Question re Bakers Percentage and the CIA

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subfuscpersona

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Not sure where this should go?...

I know what the Bakers' Percentage is and how to calculate so it you don't have to enlighten me there - my questions is about the forumula shown for some of the bread recipes in Baking and Pastry by the Culinary Institute of America (Wiley, 2004 edition). i can't figure out the formula they're using to calculate the percentages and the book is no help. :? :?

For example, take a look at this recipe, copied verbatim from the book. The percentages in the "Final Dough" part are not Bakers Percentage but my mathematically feeble mind can't figure out how they're getting the % values they're printing.
Code:
Lean Dough with Biga [p 159]

               Pct     Oz / Fl Oz    Gm / Ml
               ------------------------------
Biga
Bread flour    100.00%   24.00       680
Water           55.00%   13.25       398
Instant yeast    0.03%   pinch       pinch

Final Dough
Bread flour     70.00%   56.00      1590
Water           50.60%   40.50      1220
Instant yeast    0.63%    0.50        14
Biga{above)     46.60%   37.25      1060
Salt             2.20%    1.75        50

Can anyone enlighten me? TIA
 

Michael in FtW

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I've got an old (1979) baker's manual written by the head baking/pastry instructor at the CIA - boy does it leave a lot to the imagination! It was no help here, either, but I did manage to figure out what they did.

The % for water and yeast in the biga are based on the weight of the flour in the biga. But, the % in the final dough are based on the total weight of flour (biga + final dough flour = 80 oz in this example). So, take any weight (oz) in the final dough and divide by 80 and you get the %.
 

norgeskog

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sub, we need to find a gradulate of Stanford who has a PhD in physics for this one. I was a wiz at math, but I have not clue what message they are sending out. :?
 

subfuscpersona

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Michael in FtW said:
The % for water and yeast in the biga are based on the weight of the flour in the biga.
Exactly - this is what I understand as the bakers' percentage, where the divisor is the amount (by weight) of the flour and all other ingredients are expressed as a % of this amount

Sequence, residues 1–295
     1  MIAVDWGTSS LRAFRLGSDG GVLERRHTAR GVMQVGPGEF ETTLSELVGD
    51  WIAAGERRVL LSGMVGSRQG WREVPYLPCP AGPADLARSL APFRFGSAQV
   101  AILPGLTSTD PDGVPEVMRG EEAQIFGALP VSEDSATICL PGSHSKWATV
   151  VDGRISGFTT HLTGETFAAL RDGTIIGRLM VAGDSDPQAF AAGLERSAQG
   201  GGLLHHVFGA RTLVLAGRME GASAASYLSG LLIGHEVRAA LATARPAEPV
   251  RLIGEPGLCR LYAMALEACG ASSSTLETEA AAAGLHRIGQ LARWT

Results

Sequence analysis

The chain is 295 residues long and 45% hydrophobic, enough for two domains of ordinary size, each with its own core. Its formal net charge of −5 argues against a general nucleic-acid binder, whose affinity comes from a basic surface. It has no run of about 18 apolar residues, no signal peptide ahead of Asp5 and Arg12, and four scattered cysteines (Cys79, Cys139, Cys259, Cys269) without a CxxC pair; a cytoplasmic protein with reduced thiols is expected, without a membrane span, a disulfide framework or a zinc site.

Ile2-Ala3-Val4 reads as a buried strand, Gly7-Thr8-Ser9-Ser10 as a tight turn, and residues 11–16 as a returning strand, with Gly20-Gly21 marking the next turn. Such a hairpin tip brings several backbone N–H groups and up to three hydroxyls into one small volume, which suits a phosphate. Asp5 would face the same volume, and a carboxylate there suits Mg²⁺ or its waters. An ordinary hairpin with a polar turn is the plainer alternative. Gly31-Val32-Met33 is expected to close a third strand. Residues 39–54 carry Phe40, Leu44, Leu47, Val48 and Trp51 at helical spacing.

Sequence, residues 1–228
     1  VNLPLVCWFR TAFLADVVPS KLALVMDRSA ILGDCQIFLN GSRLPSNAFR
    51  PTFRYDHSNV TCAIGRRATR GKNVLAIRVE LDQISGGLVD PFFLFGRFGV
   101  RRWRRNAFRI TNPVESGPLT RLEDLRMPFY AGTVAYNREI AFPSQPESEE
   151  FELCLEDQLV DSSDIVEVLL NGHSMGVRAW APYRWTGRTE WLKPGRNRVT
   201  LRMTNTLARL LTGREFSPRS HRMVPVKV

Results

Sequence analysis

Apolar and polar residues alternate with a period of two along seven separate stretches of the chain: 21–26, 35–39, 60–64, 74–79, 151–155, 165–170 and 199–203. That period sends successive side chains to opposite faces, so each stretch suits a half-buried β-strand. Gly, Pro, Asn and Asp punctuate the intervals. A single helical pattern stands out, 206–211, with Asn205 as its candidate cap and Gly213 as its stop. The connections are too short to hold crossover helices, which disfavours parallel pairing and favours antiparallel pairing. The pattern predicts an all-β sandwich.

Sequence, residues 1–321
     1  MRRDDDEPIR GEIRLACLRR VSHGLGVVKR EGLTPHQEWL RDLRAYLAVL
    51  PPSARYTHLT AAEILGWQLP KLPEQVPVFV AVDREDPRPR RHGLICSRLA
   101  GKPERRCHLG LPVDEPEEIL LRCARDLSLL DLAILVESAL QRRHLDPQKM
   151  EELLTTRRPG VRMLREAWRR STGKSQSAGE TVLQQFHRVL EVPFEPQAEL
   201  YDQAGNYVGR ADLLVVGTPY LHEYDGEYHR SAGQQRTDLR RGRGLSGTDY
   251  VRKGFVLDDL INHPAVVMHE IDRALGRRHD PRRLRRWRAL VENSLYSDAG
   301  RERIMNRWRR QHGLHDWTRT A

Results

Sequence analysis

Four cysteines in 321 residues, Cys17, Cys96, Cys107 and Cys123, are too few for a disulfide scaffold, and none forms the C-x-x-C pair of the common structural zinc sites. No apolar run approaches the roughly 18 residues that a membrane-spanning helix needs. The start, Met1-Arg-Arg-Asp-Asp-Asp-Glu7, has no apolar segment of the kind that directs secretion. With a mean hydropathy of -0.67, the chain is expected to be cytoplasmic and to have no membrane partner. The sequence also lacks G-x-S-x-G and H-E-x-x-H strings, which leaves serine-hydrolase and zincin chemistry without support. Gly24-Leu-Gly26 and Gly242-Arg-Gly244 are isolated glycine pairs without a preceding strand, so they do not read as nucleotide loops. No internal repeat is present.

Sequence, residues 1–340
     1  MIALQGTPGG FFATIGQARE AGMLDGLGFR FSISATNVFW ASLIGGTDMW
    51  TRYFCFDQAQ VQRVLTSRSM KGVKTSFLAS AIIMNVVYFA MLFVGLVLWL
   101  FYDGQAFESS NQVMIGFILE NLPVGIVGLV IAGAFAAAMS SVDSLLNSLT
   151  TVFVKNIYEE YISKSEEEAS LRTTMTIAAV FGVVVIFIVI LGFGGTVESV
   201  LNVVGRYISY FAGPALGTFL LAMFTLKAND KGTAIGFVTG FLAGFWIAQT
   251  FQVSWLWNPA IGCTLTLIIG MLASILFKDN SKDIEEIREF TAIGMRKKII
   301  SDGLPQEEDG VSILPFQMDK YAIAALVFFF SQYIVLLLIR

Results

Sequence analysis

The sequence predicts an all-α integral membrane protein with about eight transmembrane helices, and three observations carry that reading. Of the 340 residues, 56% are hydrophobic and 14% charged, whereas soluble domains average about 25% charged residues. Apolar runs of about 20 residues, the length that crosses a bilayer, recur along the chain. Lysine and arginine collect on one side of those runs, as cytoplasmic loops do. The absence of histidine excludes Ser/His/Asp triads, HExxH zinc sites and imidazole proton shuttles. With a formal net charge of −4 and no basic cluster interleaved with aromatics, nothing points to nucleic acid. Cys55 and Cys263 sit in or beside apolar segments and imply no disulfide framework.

Michael in FtW said:
But, the % in the final dough are based on the total weight of flour (biga + final dough flour = 80 oz in this example). So, take any weight (oz) in the final dough and divide by 80 and you get the %.
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to Michael in FtW

Thanks to all who took the time to reply :D This was driving me nuts, in part b/c the bakers' percentage in this book was sometimes presented in the "normal" manner and at times this way. Given Michal's explanation plus a review of the recipes in the book, I think now I understand their logic.
 

Michael in FtW

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Sub - no problem ... just took a few minutes to untangle.

Using the straight (dump) method it would have been obvious - but they threw us a twist in how they calculated things in the "sponge" method.
 

Darkstream

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Michael,

What the F$"%! does the CIA have to do with BAKING BREAD????

Did I misunderstand something here?
 

Darkstream

Senior Cook
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Wow!!

Guess I did.

Perhaps my American English needs a bit of polishing.

Still, I'm glad YOU ALL thought it was funny.

I am minded of " ....two great peoples seperated by a common language......."
 

Michael in FtW

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Ah, don't feel bad Dark ... I'm still trying to find an American equivalent measurement for an English "knob" of butter!
 

subfuscpersona

Sous Chef
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Darkstream said:
I am minded of " ....two great peoples seperated by a common language......."

As a child, being force-fed British history in school, I was totally confused when we got to the English Corn Laws. The teacher was explaining that the Corn Laws actually started in the Middle Ages. I innocently raised my hand and asked, "Since corn came from the Americas and the English didn't even know that continent existed in the Middle Ages how could they have laws about corn production?"
 

Darkstream

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Anyone being force fed anybody elses history, or anything else, is in for a rough ride.

Just think of it as " a character inducing experience" over which you have no control.

It may give you a more objective and forceful approach to situations later in life.
 

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